Scientists solved mystery of low charge-carrier mobility in inkjet-printed films
1 Sep 2010. NUS scientists at the Organic Nano Device Laboratory, in collaboration with researchers at A*STAR-funded Institute of Materials Research & Engineering (IMRE), have now solved the long-standing mystery of why inkjet-printed films of polymer semiconductors tended to show lower field-effect mobilities than spin-cast films. Inkjet printing, widely seen now as a key green technology to fabricate large-area plastic electronic devices such as transistors and circuits on flexible foils, was originally developed for graphics printing. In a recent paper published in Langmuir (L.Y. Wong et al. Langmuir 26 (2010) 15494), these scientists have reported a novel variable-angle spectroscopic ellipsometry methodology that has revealed that inkjet-printed plastic semiconductor films tend to be more crystalline and isotropic than spin-cast films. This leads to the formation of domain boundaries that impede the movement of the charge carriers in the film. By using an additional solvent annealing step to suppress the crystallisation, the scientists have further shown that it is possible to enhance the charge-carrier mobility of inkjet-printed films. “All you have to do after the printing is to briefly “cook” the printed circuits in a controlled solvent atmosphere to get back high charge-carrier mobilities,” says Loke-Yuen Wong, the lead author of the report, “This is a simple but effective step to develop high performance inkjet-printed electronic devices.”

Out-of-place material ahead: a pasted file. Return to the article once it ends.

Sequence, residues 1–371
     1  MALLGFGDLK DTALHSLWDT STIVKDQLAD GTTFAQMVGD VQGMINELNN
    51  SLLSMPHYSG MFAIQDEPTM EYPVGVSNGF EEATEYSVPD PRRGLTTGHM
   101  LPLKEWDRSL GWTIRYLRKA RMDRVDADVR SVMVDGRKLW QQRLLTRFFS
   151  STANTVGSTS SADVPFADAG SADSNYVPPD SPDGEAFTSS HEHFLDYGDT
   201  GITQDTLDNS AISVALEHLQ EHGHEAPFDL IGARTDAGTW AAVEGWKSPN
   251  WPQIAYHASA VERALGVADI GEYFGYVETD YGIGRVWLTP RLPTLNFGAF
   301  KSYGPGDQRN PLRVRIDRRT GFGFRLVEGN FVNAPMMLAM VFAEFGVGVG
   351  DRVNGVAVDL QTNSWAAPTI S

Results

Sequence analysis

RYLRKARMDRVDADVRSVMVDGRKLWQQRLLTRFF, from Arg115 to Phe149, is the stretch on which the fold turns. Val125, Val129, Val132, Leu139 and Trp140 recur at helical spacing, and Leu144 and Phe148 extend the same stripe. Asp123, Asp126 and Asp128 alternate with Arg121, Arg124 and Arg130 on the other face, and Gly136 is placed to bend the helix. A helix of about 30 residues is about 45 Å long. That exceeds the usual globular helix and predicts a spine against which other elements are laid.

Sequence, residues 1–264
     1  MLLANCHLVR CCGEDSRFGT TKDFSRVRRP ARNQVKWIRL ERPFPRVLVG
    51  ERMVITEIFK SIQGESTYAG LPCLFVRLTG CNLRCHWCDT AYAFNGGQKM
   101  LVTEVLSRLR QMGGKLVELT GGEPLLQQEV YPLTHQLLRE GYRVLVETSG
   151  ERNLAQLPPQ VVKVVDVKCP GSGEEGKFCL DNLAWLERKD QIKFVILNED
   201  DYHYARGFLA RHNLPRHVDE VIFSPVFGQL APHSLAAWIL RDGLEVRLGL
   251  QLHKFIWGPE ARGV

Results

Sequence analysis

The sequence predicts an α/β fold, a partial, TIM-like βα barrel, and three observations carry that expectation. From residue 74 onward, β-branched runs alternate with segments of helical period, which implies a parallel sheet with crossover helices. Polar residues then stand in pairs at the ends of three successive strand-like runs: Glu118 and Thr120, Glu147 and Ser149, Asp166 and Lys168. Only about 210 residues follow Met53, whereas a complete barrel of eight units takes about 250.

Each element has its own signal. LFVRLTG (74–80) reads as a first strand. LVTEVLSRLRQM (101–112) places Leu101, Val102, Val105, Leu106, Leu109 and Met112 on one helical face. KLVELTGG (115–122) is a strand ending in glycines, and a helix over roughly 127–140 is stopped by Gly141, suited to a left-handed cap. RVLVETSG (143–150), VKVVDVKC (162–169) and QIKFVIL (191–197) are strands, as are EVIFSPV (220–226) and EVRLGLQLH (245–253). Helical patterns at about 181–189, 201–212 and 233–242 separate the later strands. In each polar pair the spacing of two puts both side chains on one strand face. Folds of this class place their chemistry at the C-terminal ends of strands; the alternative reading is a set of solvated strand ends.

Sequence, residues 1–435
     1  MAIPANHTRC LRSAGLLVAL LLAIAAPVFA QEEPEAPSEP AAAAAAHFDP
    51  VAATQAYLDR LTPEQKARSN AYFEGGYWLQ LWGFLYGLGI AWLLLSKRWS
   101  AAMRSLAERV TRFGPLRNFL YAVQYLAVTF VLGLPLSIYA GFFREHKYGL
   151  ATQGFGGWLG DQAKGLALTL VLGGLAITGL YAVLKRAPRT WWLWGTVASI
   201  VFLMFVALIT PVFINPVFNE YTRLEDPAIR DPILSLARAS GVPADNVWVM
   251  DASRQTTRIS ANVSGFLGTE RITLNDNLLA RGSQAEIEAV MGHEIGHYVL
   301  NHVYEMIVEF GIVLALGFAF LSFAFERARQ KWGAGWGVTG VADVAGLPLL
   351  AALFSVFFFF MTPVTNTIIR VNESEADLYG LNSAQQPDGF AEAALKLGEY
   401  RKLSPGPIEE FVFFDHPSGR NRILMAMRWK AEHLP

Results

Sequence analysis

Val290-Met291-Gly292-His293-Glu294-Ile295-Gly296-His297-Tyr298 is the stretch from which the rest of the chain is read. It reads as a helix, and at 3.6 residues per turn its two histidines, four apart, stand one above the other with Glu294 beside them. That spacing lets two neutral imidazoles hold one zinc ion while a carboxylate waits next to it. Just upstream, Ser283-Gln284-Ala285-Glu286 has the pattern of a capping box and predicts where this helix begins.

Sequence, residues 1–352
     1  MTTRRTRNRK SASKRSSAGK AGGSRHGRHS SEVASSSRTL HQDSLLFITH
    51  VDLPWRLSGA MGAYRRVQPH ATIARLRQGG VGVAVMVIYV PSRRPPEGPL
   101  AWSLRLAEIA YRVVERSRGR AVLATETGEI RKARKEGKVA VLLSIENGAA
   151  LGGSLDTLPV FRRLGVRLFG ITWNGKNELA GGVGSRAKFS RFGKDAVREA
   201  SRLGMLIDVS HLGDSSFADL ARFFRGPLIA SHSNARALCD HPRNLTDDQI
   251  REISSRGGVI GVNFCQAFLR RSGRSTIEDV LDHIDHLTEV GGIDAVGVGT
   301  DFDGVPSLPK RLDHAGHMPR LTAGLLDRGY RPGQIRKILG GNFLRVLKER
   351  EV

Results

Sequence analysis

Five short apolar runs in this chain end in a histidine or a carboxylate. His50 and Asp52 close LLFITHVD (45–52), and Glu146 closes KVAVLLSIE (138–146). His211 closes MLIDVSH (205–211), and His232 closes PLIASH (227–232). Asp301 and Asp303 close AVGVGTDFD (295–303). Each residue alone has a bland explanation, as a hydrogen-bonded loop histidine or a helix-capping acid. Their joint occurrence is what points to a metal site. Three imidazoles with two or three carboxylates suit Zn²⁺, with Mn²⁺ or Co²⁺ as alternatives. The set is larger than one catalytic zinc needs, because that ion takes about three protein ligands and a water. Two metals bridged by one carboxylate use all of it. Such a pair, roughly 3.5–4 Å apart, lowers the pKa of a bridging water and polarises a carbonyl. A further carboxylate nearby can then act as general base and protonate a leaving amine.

ge-carrier mobilities will result in high performance and switching speeds.